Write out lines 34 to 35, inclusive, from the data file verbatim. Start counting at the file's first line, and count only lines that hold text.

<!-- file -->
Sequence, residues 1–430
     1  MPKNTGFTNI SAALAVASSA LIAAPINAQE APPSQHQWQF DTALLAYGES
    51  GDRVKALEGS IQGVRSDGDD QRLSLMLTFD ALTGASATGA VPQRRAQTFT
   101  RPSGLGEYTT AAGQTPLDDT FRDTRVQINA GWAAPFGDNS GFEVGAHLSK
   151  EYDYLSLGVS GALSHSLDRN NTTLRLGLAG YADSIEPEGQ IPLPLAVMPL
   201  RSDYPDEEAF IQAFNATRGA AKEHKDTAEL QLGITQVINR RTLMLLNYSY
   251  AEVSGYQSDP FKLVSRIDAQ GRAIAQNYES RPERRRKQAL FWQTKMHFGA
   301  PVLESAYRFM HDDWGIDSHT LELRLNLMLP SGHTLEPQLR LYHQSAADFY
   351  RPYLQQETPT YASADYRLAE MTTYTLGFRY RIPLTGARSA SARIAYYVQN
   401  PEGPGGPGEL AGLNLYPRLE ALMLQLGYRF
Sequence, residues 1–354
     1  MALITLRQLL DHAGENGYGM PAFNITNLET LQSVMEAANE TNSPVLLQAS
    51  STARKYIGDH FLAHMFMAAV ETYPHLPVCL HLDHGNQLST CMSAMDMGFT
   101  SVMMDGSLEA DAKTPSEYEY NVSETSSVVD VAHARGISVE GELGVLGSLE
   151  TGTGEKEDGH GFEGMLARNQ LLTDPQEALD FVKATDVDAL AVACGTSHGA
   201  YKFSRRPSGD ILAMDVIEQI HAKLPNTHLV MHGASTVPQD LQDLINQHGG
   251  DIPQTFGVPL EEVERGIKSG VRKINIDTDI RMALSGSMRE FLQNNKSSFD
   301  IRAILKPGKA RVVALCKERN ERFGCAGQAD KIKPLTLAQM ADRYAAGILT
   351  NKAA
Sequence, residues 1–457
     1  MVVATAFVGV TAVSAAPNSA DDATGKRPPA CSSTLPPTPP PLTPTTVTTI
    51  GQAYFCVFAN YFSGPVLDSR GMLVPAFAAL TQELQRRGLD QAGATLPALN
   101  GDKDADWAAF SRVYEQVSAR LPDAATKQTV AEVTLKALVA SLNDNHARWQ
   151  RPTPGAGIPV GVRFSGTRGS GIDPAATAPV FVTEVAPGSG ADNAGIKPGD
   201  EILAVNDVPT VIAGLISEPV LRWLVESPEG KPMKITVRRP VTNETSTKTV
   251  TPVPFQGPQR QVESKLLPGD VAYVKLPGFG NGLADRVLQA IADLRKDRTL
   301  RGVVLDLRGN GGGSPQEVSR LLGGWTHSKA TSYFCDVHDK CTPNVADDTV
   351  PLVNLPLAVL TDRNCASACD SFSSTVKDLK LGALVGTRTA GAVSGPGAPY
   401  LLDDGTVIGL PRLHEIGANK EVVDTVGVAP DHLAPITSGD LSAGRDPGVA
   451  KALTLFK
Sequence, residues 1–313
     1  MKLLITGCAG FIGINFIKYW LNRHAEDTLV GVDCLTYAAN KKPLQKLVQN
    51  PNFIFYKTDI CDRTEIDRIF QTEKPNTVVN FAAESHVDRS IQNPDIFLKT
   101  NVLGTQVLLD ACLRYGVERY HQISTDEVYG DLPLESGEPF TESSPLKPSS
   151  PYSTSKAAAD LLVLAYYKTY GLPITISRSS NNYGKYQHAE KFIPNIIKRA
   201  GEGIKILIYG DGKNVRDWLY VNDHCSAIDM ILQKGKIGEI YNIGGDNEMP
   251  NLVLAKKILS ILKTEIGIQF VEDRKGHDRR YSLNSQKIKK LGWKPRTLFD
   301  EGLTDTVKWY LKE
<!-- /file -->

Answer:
   101  NVLGTQVLLD ACLRYGVERY HQISTDEVYG DLPLESGEPF TESSPLKPSS
   151  PYSTSKAAAD LLVLAYYKTY GLPITISRSS NNYGKYQHAE KFIPNIIKRA